Conceptual learning of fundamentals in electric circuits: Student misconceptions, textbooks, and multi-perspective conceptual change

Deepika Sangam, Purdue University


Student difficulties with fundamental electric circuit principles are often attributed to everyday interactions with electricity and the abstract nature of the associated concepts. In light of these difficulties, numerous studies have focused on identifying student difficulties, misconceptions, understanding the conceptual change process, and developing effective ways to teach. However, many related areas of research remain under-explored, such as investigating the efficacy of textbooks in conceptual learning, and more comprehensively examining the nature of students' conceptual development. This research begins to address these gaps through three interrelated studies. Study 1 systematically compares four existing concept inventories, and then uses one of the leading instruments (DIRECT v1.0) to identify difficult concepts among first-year engineering students. The results showed that first-year engineering students on average scored less than 65%, confirming that students entering ECE programs have significant conceptual difficulties. Study 2 presents an analysis of six popular circuit theory textbooks to determine their role in student conceptual learning, including treatment of difficult concepts. Study 3 investigates undergraduate students' fundamental conceptions of electric circuits at different levels of study in an Electrical and Computer Engineering (ECE) program. This research analyzes students' conceptions using a multi-perspective framework that brings together epistemological, ontological and social/affective perspectives. From an epistemological perspective, status (intelligible, plausible, fruitful) of students' conception is used as a measure of conceptual understanding. From an ontological perspective, students' ontological commitments are determined by examining verbal predicates usage when discussing notions of electric current. The social/affective perspective examines the role of student interest, motivation and background. This approach to analyzing students' conceptions provides a more holistic view of the effect of different instructional experience in ECE programs on conceptual learning. As reported, for example, Study 3 demonstrates that with experience in ECE, though students' conceptual understanding characteristics (conceptual status, ontological attributes) show a positive trend towards scientific understanding, their personal interest and motivation appear to be the key factors that eventually lead to conceptual change. These findings are directly applicable to instruction design, and as a foundation for future research that can use this analysis framework to study the effectiveness of conceptual change pedagogies.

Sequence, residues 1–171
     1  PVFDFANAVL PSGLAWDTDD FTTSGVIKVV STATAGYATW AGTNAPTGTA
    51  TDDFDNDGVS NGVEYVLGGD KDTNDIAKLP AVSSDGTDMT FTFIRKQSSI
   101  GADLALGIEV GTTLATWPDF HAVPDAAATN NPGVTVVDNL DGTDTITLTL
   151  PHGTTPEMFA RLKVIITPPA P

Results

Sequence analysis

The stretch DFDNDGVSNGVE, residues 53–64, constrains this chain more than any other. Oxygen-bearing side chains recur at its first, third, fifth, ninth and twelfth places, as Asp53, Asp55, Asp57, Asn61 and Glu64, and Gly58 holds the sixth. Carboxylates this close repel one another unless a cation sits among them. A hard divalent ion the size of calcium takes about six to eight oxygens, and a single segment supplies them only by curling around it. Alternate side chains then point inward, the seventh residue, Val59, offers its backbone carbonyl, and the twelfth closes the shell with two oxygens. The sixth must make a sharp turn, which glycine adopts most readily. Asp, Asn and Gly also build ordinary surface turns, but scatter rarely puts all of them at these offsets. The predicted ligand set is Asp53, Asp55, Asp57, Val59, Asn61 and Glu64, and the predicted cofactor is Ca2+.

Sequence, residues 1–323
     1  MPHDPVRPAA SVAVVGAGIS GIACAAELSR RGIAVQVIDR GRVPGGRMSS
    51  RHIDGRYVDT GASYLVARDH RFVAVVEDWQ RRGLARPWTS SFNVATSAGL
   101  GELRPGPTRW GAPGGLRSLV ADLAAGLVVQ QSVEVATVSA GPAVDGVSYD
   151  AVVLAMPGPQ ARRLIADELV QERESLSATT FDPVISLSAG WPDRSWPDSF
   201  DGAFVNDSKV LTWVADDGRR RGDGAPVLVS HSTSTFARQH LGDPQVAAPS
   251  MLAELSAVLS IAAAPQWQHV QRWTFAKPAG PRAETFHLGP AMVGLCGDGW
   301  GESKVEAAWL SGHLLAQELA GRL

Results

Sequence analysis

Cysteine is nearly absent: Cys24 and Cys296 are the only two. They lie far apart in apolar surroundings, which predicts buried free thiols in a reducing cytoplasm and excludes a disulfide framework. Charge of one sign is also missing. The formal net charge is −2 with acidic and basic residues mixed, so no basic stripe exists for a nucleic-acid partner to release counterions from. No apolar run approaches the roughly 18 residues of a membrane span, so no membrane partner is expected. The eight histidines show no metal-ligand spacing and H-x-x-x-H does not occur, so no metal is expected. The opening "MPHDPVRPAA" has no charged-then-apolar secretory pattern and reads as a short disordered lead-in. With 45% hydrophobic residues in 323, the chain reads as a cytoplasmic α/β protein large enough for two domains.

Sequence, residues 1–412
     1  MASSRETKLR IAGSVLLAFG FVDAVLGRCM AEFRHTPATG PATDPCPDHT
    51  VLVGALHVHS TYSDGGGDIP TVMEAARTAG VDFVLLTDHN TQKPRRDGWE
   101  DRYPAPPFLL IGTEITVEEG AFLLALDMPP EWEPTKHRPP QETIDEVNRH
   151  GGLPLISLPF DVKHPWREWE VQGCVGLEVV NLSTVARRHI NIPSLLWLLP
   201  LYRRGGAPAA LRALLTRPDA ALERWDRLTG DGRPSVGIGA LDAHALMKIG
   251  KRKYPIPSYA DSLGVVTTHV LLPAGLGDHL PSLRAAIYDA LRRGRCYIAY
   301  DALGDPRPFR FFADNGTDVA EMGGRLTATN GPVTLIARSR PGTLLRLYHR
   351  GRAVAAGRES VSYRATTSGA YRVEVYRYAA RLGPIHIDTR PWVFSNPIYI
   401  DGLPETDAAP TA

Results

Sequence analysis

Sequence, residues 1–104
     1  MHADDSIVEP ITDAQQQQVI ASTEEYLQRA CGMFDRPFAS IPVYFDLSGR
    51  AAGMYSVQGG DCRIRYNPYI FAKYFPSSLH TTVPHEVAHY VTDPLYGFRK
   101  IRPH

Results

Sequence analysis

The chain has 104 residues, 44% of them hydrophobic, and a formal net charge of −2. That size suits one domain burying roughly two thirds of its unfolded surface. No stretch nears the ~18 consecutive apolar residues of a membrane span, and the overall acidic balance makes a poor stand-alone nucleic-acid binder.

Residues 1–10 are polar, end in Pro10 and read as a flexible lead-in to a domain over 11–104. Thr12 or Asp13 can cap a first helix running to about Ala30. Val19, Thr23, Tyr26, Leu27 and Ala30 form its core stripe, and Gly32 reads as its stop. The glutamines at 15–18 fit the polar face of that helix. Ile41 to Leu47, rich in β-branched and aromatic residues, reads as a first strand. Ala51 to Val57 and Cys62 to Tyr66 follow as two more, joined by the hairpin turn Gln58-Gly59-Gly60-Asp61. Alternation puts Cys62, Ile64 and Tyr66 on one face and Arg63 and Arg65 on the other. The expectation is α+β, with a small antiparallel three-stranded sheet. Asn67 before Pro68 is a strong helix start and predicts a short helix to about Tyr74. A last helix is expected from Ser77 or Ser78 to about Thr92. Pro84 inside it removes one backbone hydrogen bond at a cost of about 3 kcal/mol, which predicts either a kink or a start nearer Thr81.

Jesiek, Purdue University.

Subject Area

Science education|Curriculum development

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